|   19 | Accept |   0.053333 |    0.38414 |   0.046667 |   0.046671 |           35 |
|   20 | Accept |   0.053333 |    0.32551 |   0.046667 |   0.046669 |           32 |
|==================================================================================|
| Iter | Eval   | Objective  | Objective  | BestSoFar  | BestSoFar  |  MinLeafSize |
|      | result |            | runtime    | (observed) | (estim.)   |              |
|==================================================================================|
|   21 | Accept |   0.053333 |    0.50884 |   0.046667 |    0.04667 |           14 |
|   22 | Accept |       0.06 |     0.2789 |   0.046667 |   0.046668 |            7 |
|   23 | Accept |    0.33333 |    0.27015 |   0.046667 |   0.034841 |           41 |
|   24 | Accept |   0.053333 |    0.44637 |   0.046667 |   0.038382 |           23 |
|   25 | Accept |   0.053333 |    0.37655 |   0.046667 |   0.036502 |           31 |
|   26 | Accept |   0.053333 |    0.40015 |   0.046667 |   0.036589 |            9 |
|   27 | Accept |   0.053333 |     0.2608 |   0.046667 |   0.038774 |           21 |
|   28 | Accept |   0.053333 |    0.36868 |   0.046667 |   0.038809 |            2 |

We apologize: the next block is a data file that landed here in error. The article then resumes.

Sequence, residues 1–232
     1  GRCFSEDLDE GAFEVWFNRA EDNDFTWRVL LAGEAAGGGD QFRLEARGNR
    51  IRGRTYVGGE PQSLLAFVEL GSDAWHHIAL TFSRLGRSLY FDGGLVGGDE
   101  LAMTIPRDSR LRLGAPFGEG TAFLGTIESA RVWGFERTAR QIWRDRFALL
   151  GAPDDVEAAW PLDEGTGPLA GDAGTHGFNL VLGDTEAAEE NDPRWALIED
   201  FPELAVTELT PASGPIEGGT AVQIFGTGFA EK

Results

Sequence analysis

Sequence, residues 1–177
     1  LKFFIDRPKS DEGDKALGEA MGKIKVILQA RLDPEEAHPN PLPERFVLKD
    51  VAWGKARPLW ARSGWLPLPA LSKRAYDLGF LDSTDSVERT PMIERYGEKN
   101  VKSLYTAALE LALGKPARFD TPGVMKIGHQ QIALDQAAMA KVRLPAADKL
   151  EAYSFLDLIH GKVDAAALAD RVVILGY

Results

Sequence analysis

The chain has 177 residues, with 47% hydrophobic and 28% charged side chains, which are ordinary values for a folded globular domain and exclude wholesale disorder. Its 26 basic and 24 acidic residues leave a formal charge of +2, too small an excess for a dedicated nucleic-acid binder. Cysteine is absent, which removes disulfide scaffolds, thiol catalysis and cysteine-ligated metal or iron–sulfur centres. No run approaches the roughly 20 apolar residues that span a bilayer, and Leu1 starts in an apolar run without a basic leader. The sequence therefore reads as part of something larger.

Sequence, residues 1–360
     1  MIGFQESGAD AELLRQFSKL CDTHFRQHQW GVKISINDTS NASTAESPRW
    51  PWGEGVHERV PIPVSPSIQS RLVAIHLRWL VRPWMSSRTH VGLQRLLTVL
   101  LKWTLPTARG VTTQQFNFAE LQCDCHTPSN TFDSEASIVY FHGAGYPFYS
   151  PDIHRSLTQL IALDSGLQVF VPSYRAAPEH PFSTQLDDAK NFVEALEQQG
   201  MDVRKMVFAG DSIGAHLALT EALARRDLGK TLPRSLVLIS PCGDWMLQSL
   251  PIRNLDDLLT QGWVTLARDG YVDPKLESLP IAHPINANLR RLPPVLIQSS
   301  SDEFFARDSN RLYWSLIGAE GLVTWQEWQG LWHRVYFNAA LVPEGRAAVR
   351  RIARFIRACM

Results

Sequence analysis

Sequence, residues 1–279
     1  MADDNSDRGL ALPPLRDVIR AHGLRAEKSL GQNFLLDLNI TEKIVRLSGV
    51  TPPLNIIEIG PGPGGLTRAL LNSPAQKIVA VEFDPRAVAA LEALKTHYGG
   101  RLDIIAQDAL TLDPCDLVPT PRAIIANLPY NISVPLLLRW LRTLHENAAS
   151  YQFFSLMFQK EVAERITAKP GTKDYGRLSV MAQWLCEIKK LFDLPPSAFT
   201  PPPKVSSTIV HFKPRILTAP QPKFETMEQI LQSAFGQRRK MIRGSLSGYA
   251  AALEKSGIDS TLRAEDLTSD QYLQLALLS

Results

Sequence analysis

|   29 | Accept |    0.66667 |    0.31257 |   0.046667 |   0.040052 |           61 |
|   30 | Accept |   0.053333 |    0.38354 |   0.046667 |   0.040271 |           15 |

__________________________________________________________
Optimization completed.
MaxObjectiveEvaluations of 30 reached.
Total function evaluations: 30
Total elapsed time: 159.3222 seconds.
Total objective function evaluation time: 16.19

Best observed feasible point:
    MinLeafSize
    ___________

    3          

Observed objective function value = 0.046667
Estimated objective function value = 0.040271
Function evaluation time = 0.20661

Best estimated feasible point (according to models):
    MinLeafSize
    ___________

    24         

Estimated objective function value = 0.040271
Estimated function evaluation time = 0.40236


Mdl = 

  ClassificationTree
                         ResponseName: 'Y'
                CategoricalPredictors: []
                           ClassNames: {'setosa'  'versicolor'  'virginica'}
                       ScoreTransform: 'none'
                      NumObservations: 150
    HyperparameterOptimizationResults: [1×1 BayesianOptimization]


Load the census1994 data set. Consider a model that predicts a person's salary category given their age, working class, education level, martial status, race, sex, capital gain and loss, and number of working hours per week.

load census1994
X = adultdata(:,{'age','workClass','education_num','marital_status','race',...
    'sex','capital_gain','capital_loss','hours_per_week','salary'});

Display the number of categories represented in the categorical variables using summary.

summary(X)
Variables:

    age: 32561×1 double
        Values:

            min       17   
            median    37   
            max       90   

    workClass: 32561×1 categorical
        Values: